COPPER price rose on the London Metal Exchange (LME) rose 0.5 percent on Wednesday, rebounding from a two-year low level hit earlier this week, Barclays Bank Zambia has said.

The bank indicated in its daily market update that copper prices rose on after a media report announced that a senior official from the United States said the Donald Trump administration was still planning for talks with China.

“London copper rose 0.5 percent to US$5,711 a tonne, after hitting its lowest in over two years on Monday and was barely unchanged on Tuesday,” said the bank.

Copper prices fell to their lowest in more than two years on Monday, hit by the escalating trade dispute between the United States and China.

The bank reported that benchmark copper on the LME ended 0.8 percent down at US$5,685 a tonne.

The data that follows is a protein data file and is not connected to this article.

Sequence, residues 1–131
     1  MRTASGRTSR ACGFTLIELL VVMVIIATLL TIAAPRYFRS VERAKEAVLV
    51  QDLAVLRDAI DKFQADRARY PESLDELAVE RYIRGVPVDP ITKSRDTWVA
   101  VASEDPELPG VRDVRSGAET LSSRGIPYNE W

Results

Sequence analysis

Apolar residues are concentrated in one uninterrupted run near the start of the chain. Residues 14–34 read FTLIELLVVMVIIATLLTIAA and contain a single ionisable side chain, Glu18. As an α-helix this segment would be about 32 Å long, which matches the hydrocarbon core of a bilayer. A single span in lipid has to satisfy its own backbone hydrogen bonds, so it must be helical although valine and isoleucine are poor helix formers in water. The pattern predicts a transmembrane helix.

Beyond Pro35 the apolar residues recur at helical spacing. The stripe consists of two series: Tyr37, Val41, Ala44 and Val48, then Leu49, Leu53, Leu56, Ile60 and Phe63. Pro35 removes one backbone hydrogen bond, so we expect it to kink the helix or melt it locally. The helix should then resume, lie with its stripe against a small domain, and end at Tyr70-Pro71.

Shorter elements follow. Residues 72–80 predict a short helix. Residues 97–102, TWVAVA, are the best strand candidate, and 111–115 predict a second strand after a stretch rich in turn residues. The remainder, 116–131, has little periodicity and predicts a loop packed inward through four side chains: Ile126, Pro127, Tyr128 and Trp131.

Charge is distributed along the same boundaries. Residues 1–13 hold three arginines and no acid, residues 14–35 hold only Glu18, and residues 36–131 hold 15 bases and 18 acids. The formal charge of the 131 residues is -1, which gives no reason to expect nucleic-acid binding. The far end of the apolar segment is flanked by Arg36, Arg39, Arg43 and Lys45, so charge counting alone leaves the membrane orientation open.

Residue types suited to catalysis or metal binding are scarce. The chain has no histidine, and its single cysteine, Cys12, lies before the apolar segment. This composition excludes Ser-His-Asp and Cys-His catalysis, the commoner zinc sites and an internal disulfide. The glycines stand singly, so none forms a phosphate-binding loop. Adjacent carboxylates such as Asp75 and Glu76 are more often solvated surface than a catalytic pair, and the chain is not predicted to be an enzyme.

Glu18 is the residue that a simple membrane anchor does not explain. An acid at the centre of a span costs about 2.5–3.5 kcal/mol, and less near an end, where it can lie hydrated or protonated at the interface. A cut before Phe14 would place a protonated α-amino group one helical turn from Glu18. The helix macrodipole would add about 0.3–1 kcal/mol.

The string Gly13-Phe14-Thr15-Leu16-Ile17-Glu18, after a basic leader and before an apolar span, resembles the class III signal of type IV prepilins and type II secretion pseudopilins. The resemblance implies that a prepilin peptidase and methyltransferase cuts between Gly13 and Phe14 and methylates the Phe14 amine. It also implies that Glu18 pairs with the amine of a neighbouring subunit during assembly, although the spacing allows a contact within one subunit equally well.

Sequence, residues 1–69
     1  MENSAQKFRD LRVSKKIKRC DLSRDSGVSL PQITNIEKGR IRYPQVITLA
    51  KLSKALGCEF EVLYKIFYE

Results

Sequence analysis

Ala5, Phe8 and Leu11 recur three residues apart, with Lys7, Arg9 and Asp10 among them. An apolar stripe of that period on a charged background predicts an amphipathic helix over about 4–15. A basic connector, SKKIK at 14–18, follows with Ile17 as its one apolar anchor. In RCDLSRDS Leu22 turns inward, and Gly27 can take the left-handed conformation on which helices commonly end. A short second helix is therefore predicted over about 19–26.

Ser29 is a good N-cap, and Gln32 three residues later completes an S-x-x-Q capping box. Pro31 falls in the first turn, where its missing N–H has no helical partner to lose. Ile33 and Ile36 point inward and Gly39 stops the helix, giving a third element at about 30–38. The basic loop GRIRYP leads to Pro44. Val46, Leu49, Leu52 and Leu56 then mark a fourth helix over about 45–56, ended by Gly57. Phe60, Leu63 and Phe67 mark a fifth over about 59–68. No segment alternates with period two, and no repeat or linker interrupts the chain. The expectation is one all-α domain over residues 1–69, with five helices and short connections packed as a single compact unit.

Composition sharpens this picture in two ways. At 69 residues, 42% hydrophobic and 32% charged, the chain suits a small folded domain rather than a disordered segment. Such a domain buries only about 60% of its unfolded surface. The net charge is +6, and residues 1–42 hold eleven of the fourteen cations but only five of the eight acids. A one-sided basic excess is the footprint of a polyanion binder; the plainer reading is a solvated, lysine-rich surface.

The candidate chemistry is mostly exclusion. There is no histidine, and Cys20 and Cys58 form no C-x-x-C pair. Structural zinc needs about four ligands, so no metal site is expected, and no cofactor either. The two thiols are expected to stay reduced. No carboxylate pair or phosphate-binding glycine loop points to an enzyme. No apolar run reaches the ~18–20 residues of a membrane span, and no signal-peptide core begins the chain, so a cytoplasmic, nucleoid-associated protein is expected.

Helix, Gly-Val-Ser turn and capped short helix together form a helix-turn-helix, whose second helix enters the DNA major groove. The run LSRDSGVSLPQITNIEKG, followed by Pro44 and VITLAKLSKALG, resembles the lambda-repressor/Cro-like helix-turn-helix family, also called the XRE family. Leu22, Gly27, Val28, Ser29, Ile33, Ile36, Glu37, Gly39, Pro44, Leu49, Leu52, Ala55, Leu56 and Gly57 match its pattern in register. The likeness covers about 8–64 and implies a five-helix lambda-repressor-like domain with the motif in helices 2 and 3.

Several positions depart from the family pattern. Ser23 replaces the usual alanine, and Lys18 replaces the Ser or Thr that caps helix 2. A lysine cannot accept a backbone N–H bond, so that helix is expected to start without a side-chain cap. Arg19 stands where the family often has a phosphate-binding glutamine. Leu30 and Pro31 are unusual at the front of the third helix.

Prices of the metal used widely as a gauge of economic health earlier hit US$5,640 a tonne, its lowest since June 2017.

Still on the metal market, Gold prices jumped one percent on Wednesday to their highest in more than six years.

This was despite the trade war between China and the United States showing no signs of abating, spurring investors to seek refuge in safe-haven assets.

Spot gold was up 1.1 percent at US$1,490.57 per ounce, its highest since April 2013.

Oil prices tumbled on Wednesday, with both crude benchmarks sliding over US$2.5, as the market was rattled by an unexpected surge in U.S. inventories amid on-going anxiety over ebbing global energy demand. 

Brent crude for October delivery fell US$2.71 to close at US$56.23 s a barrel on the London Futures Exchange.

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